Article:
The holidays are upon us and we turned to our Family Panel to answer the most important question in retailing – when should stores put up their Christmas decorations?
If you look at this data and then go out shopping this weekend, you’ll see there’s a pretty big disconnect between shoppers and merchants when it comes to getting decorations up.
We turned to moms and dads across the country for their opinions, and the chart below outlines their thoughts:
83% of our respondents think that Christmas decorations shouldn’t go up until the Monday of Thanksgiving week, or later. Almost half think that Christmas decorations shouldn’t go up before Thanksgiving. A very limited number of parents – 7.8% – are OK with decorations after Halloween, which seems to be the date that many retailers begin to get into the season. And then there are 1.3% who believe “every day should be Christmas.” They are OK if decorations go up anytime after Labor Day.
The interesting thing is that the attitude about early decorations speeding up the Christmas season doesn’t seem to mesh with customers’ shopping plans. In the same survey, we asked parents for the date they expected to have 90% of their Christmas shopping done.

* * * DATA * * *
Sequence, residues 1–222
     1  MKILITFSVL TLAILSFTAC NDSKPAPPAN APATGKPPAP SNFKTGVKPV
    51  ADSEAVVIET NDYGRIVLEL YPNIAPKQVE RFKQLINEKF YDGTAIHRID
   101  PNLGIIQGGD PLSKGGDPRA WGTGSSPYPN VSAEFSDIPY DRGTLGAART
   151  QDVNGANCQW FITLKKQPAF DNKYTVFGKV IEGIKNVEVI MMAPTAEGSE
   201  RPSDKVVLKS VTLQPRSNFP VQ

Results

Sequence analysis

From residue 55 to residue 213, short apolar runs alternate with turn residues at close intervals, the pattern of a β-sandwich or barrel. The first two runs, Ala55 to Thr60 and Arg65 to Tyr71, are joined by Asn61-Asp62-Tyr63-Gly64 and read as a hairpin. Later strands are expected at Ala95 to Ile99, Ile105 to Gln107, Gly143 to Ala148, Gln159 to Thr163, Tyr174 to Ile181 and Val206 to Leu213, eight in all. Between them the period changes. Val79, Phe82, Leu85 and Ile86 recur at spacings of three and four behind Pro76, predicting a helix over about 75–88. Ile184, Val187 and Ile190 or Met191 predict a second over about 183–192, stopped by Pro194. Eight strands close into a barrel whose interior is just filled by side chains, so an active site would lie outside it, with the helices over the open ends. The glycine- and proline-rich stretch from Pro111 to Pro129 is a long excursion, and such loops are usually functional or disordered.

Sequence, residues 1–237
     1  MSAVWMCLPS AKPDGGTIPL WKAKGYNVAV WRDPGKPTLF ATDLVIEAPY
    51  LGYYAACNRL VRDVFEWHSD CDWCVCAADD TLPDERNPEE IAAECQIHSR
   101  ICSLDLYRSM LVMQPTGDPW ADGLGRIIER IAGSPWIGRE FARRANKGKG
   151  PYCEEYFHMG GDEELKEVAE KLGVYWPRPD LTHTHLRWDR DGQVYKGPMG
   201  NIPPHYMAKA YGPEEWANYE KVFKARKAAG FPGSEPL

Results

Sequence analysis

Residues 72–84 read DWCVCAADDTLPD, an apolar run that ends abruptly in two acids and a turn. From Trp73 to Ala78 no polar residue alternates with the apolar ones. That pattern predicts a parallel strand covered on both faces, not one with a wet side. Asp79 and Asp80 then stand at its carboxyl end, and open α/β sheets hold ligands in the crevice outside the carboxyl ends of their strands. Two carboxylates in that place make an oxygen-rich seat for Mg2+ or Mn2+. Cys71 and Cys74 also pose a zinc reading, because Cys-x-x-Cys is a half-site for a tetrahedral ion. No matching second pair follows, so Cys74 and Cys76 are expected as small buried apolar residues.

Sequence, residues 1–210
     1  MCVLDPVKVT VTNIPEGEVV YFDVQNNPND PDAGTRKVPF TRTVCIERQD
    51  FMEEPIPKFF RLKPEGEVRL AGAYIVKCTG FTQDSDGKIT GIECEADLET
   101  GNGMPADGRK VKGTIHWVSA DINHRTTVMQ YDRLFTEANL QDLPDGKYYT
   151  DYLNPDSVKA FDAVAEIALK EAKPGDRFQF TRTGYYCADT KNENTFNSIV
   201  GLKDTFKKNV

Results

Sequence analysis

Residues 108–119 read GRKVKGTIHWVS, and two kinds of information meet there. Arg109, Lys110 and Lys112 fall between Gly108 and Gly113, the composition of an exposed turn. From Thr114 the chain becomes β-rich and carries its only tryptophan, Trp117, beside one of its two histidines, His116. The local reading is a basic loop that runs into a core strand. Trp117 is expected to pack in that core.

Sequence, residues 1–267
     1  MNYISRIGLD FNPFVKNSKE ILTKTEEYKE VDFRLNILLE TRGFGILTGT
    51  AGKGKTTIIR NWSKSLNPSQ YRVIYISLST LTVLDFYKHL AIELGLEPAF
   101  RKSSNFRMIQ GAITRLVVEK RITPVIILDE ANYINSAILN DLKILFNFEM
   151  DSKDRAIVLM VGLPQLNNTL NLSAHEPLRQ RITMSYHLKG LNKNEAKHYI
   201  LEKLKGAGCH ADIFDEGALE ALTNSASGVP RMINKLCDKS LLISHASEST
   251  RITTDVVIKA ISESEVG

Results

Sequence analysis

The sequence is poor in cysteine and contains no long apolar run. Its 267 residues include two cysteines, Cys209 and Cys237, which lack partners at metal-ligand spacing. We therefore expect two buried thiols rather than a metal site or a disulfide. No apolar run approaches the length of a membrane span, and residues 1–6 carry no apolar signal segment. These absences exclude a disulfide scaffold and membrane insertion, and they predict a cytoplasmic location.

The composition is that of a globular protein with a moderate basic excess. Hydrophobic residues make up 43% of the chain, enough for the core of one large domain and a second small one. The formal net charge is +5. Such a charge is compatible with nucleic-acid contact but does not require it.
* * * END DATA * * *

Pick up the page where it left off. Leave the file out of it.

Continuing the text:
Overall, about 23% of consumers thought they would have all of their shopping done prior to Thanksgiving, and 10% prior to Halloween. The biggest groups of consumers – 39.1% – said that they would be done by December 11 (two weeks prior to Christmas), with the remaining 24% not wrapping up until December 23. Only 2.4% of parents think they won’t have most of their Christmas shopping done by Christmas Eve.
As you dive down into the numbers, a couple of interesting points arise. A higher percentage of lower income households ($50K and below) plan on finishing their shopping early than $50K+ households (23.9% vs. 16.9%). But also note that 4.1% of $50K and lower households plan on waiting until Christmas Eve to finish up, as opposed to 1.2% of the $50K+ households. I believe both numbers reflect how lower income households manage their cash flow – some of them spread their purchases over a longer period of time, and other wait until they have enough cash for gift buying.
Note also the stereotype of the addled dad desperately doing last-minute shopping on Christmas Eve isn’t borne out in this study – only 0.7% of dads say that they won’t be done until Christmas Eve, while 3.9% of moms say they’ll be wrapping up on Christmas Eve. That could mean a couple of things: One, dads are just in denial that they’ll be through early, or two, moms recognize that there’s always another gift to pick up – maybe because dad forgot to get it.
More on the holidays in our next Family Panel post.